Given the parsimony of the MoD/government then I expect it would be like the '50's in Norway when on exercise when we went ashore in BD's, gaiters and studded Ammo Boots!
 
#10
As mentioned seems unlikely that Russia will spark stuff off as they have lots of oil and gas. More likely to be wars in the third world imo. Over-population sparking lots of ethnic/religious trouble and outside countries joining in to secure the resources they need while pretending to be about "bringing stability".

If it was me, defence planning would be based on that.
 
#11
armchair_jihad said:
Sergey, China's claims on Russia East of the Urals are as justifiable (in Chinese eyes) as their claim to Tibet. If it paid tribute in the Ming Dynasty, which thanks to the legacy of Genghis and his sons, a lot of areas did, then its part of 'Greater China'.

I've been right up to the Siberian border on the Chinese side and noticed the odd six lane highway the Chinese have built and fully maintain, all pointing North and all stopping three miles from the border.

mmmmm I thought, ominous they have hardly built those for millions of Siberian tourists.....
Any clues where we should look on Google Earth? Don't doubt you, and I'd love to see it.
 
#12
armchair_jihad said:
Sergey, China's claims on Russia East of the Urals are as justifiable (in Chinese eyes) as their claim to Tibet. If it paid tribute in the Ming Dynasty, which thanks to the legacy of Genghis and his sons, a lot of areas did, then its part of 'Greater China'.
Both China and Russia were captured by the Mongolians. So strictly speaking namely Mongolia has historical rights to rule Russia and China as well.

And of course Alaska is a natural part of Greater Mongolia. Mongolia could claim that Alaska was unlawfully sold by Mongolian colony Russia to the USA.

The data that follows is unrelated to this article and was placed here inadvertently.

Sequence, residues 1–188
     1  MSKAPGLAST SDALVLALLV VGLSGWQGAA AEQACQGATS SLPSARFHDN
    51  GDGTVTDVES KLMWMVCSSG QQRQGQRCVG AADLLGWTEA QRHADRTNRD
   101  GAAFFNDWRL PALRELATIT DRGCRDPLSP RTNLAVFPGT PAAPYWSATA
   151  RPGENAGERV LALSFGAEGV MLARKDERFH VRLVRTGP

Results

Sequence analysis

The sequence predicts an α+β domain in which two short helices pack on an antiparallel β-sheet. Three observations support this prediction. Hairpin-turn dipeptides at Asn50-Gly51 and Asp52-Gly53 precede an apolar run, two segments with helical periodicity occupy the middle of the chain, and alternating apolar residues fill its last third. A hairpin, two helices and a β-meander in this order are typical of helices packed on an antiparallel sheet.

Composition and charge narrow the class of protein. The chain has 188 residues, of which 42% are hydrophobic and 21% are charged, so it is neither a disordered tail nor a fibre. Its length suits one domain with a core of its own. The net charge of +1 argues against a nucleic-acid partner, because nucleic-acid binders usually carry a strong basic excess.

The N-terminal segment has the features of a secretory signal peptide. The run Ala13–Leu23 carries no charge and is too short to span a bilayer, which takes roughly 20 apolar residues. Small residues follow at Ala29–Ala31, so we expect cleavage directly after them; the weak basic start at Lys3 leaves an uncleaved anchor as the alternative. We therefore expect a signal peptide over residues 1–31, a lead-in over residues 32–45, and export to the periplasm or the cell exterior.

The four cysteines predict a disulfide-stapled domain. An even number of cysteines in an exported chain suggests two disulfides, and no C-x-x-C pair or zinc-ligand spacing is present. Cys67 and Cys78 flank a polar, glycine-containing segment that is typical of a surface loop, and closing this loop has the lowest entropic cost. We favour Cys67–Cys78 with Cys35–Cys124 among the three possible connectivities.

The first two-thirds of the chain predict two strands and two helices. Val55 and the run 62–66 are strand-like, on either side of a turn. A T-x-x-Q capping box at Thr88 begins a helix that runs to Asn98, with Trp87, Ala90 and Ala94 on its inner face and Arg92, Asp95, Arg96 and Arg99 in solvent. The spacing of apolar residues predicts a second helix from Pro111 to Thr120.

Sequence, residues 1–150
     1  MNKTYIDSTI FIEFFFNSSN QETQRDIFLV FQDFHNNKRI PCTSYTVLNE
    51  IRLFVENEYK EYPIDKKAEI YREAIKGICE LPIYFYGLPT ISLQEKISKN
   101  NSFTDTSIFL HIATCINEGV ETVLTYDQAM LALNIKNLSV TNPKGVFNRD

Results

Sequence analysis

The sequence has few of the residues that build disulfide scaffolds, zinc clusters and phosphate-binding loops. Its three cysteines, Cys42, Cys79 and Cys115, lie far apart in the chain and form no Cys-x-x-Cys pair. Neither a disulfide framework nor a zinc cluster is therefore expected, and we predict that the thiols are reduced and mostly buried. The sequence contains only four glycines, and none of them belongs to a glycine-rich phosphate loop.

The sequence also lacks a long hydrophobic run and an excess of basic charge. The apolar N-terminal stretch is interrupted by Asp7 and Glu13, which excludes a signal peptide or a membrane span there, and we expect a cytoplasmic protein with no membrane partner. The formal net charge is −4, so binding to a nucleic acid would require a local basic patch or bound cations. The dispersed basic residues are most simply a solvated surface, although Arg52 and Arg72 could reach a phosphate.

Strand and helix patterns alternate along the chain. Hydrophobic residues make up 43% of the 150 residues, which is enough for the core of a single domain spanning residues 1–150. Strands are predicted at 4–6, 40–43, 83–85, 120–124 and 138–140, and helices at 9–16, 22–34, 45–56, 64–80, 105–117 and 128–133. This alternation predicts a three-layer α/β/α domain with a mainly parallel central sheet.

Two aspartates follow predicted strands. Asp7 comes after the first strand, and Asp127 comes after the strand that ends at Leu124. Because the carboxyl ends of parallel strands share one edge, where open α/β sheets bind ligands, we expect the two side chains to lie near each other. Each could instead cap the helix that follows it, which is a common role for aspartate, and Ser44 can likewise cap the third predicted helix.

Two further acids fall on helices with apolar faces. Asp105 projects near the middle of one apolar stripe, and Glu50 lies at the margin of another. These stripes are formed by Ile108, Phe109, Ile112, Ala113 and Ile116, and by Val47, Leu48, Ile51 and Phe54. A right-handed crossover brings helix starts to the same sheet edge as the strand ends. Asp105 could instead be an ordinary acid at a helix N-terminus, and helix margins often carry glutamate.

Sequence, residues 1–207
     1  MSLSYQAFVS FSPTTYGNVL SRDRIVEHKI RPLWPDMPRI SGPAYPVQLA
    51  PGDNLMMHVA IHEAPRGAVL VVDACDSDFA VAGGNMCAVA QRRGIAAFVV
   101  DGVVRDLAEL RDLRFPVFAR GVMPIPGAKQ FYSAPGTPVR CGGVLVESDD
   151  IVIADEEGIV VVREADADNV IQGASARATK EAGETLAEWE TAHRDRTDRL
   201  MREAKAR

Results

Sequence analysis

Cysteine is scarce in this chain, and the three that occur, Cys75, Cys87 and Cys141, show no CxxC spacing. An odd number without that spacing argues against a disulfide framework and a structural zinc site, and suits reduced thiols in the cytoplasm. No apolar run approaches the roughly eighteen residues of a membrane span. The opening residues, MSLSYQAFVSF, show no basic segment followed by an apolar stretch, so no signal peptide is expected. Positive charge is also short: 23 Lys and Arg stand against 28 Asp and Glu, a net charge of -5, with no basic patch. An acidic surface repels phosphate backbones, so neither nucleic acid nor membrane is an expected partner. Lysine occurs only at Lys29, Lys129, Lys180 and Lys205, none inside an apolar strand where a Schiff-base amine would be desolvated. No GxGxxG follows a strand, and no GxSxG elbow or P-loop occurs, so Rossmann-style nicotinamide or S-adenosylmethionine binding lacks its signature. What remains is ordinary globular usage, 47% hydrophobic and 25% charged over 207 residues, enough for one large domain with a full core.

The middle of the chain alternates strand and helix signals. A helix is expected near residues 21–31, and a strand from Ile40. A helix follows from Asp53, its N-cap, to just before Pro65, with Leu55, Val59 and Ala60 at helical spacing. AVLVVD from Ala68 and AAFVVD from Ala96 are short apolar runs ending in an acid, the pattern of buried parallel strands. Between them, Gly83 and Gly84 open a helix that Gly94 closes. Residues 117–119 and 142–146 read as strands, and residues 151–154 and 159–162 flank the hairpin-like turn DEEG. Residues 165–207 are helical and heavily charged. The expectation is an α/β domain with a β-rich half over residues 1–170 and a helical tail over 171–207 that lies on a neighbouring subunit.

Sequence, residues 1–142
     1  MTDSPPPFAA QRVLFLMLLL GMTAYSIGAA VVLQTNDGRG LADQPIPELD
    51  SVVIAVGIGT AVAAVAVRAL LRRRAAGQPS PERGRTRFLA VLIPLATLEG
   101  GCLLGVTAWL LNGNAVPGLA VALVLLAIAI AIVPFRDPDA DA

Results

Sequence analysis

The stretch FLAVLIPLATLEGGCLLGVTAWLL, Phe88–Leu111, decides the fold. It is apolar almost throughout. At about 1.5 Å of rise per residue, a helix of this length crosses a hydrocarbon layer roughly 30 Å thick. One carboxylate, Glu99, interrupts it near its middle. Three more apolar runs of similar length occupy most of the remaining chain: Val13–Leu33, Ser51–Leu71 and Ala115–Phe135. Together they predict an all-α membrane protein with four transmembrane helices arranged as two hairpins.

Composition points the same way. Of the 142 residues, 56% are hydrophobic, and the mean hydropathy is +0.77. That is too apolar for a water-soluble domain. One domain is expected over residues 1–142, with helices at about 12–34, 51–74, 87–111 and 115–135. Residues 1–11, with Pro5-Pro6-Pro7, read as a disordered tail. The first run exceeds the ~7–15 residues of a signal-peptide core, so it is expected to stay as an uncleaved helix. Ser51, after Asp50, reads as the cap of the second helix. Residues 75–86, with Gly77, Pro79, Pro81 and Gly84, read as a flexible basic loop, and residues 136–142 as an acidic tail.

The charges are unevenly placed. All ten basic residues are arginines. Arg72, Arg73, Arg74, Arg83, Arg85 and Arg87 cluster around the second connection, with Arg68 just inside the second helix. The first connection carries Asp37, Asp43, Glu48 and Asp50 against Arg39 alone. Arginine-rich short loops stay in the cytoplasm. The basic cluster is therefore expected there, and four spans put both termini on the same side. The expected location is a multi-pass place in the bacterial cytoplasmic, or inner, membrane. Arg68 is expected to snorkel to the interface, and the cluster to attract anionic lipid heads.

#13
KGB_resident said:
http://www.guardian.co.uk/world/2008/mar/10/eu.climatechange

European governments have been told to plan for an era of conflict over energy resources, with global warming likely to trigger a dangerous contest between Russia and the west for the vast mineral riches of the Arctic.

A report from the EU's top two foreign policy officials to the 27 heads of government gathering in Brussels for a summit this week warns that "significant potential conflicts" are likely in the decades ahead as a result of "intensified competition over access to, and control over, energy resources".

The seven-page report, obtained by the Guardian, has been written by Javier Solana, the EU's foreign policy supremo, and Benita Ferrero-Waldner, the commissioner for external relations. It predicts that global warming will precipitate security issues for Europe, ranging from energy wars to mass migration, failed states and political radicalisation.
So be ready to visit Nothern Siberia soon.
Is there much sand there?
 
#14
heard_it_all_before said:
I know that Mr Bliar went to George's aid over some flimsy int on Iraq, but I'd like to think that it'd take more than seven pages to pick a scrap with the Ruskies. Besides, our next 10 years worth of defence budget has been blown on dessert kit, don't think there's much arctic warfare stuff left in stock. So, that means that we'd have to spend several long months in the arctic ciircle doing star jumps in dezzy combats just to keep warm.. :D
Trifling sums? Only works on Sundaes? I'm dis-custard!
 
#15
BiscuitsAB said:
KGB_resident said:
http://www.guardian.co.uk/world/2008/mar/10/eu.climatechange

European governments have been told to plan for an era of conflict over energy resources, with global warming likely to trigger a dangerous contest between Russia and the west for the vast mineral riches of the Arctic.

A report from the EU's top two foreign policy officials to the 27 heads of government gathering in Brussels for a summit this week warns that "significant potential conflicts" are likely in the decades ahead as a result of "intensified competition over access to, and control over, energy resources".

The seven-page report, obtained by the Guardian, has been written by Javier Solana, the EU's foreign policy supremo, and Benita Ferrero-Waldner, the commissioner for external relations. It predicts that global warming will precipitate security issues for Europe, ranging from energy wars to mass migration, failed states and political radicalisation.